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June 27, 2009

Yes at Fantasy Springs

The casinos in the Palm Springs area host performances by artists of various sorts, ranging from "I remember him (or her)" to "He (or she) is still performing?" to "He (she) is still alive?!" But that's what the demographic of Coachella Valley demands. Wait long enough and inevitably your favorite band or artist from your regrettable youth will appear at one of the casinos.

That time finally came for me when I serendipitously spotted on a crawl (I never look at those things) on, of all places, The Weather Channel (I never watch The Weather Channel) that Yes would be appearing at Fantasy Springs. Yes was my favorite band in college...or at least they were evenly tied with (of course) Emerson, Lake & Palmer [have you seen a cheezier website that wasn't, like, selling penis-enlarging drugs?]. BTW, a reliable source tells me that EL&P were to come to Fantasy Springs this fall, but that tour was cancelled because Keith Emerson injured a hand. It remains a possibility for 2010.

The cheap tickets were, indeed, cheap ($30 I think, and no ridiculous surcharges, convenience charges, mailing charges, or even parking fees - just $30). Even the most expensive tickets were cheap. Fifty bucks maybe.

The first rock concert I ever attended was Yes in 1975 somewhere in the vicinity of Carbondale, Illinois, at an outdoor venue with my first (and still the best) boyfriend, Bill Shepardson. We drove there from Columbia, Missouri, and then drove back after the concert. Why Yes didn't appear anywhere in Missouri on that tour, I just don't know, but probably it was self-respect.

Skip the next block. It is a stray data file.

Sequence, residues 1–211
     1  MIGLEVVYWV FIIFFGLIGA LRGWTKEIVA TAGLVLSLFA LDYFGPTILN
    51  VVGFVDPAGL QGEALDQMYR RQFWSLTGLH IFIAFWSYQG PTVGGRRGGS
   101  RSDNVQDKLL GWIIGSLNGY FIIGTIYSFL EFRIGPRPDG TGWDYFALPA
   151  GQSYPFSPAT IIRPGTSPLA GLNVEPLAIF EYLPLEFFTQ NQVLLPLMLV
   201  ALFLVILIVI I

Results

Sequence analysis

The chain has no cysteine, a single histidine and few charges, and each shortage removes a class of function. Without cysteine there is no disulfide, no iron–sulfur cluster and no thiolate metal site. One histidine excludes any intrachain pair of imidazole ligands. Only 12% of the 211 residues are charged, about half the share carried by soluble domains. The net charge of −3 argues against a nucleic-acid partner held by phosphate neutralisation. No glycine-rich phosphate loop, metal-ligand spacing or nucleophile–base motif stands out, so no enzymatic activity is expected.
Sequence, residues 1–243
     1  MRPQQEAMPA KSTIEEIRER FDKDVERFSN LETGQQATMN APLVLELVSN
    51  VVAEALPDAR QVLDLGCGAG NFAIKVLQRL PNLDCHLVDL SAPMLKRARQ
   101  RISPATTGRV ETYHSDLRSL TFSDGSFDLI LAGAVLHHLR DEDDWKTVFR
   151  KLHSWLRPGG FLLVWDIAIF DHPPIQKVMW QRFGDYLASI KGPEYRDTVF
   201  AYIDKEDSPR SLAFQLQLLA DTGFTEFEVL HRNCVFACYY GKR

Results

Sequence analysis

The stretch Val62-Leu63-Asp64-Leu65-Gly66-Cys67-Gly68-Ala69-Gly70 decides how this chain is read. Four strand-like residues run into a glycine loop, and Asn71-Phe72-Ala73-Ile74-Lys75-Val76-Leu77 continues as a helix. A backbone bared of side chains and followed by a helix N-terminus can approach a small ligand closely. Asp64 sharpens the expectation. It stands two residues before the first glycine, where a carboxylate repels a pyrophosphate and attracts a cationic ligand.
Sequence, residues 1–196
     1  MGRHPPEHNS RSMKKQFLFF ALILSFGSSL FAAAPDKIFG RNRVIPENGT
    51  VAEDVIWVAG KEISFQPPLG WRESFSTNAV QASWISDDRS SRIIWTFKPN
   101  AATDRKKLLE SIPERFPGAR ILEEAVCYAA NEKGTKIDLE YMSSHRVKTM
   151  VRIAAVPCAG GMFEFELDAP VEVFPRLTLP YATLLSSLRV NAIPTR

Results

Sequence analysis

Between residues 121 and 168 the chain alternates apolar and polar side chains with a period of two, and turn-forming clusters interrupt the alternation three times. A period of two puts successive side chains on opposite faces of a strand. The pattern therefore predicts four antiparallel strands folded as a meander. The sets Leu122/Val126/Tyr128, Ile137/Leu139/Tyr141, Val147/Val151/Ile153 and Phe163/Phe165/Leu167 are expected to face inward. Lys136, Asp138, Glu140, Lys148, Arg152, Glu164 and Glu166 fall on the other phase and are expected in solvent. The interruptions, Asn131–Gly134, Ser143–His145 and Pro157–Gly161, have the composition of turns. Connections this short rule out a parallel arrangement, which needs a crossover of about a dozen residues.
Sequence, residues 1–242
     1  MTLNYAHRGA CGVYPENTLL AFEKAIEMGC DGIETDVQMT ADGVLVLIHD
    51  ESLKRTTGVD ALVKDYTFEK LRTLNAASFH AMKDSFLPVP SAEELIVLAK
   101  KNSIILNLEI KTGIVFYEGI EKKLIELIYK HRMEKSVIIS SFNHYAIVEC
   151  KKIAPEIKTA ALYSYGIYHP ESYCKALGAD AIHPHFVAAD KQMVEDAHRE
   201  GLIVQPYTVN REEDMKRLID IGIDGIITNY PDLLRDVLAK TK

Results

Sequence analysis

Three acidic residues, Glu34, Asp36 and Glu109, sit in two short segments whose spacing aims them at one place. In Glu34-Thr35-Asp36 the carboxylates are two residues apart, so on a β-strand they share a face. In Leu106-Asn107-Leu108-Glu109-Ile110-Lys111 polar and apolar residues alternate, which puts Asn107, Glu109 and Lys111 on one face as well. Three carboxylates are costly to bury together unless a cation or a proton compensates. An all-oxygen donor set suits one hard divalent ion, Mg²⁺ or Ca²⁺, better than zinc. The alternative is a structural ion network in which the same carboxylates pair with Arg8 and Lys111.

At that 1975 concert Yes was made up of Jon Anderson, Steve Howe, Patrick Moraz, Chris Squire and Alan White. Last night's concert it was Steve Howe, Chris Squire, Alan White, Oliver Wakeman (son of Rick Wakeman) and Benoît David. Benoît David looked so young from my cheap seat distance that I was sure he had been born well after Yes's most popular days. But according to his Wikipedia page, he was born in 1966, making him 9 years old when I was at that concert in Illinois. He dressed and cavorted on stage in a way that reminded me of a stereotype of a late 1970s gay hustler, but who cares. He totally nailed the vocals, obviously intending to present a perfect copy of Jon Anderson's singing - and succeeding at it. Jon Anderson, BTW, is maybe not totally gone. He was originally going to be in this tour, which was going to be in 2008, but he had a severe asthma attack and "acute respiratory failure" (according to info on his Wikipedia page). On his own website Jon Anderson has info for a European tour of his own starting this week in Warsaw.

As for the whole performance, they consistently performed nearly perfect copies of what we've been listening to on Yes albums (on all the various media) for decades, and at this point in life that's what we're paying to hear. The crowd included a surprising number of younger people - and by "surprising number" I mean "a few." There were a handful of fans in their twenties who did not seem to be their just to accompany their enfeebled parents or grandparents.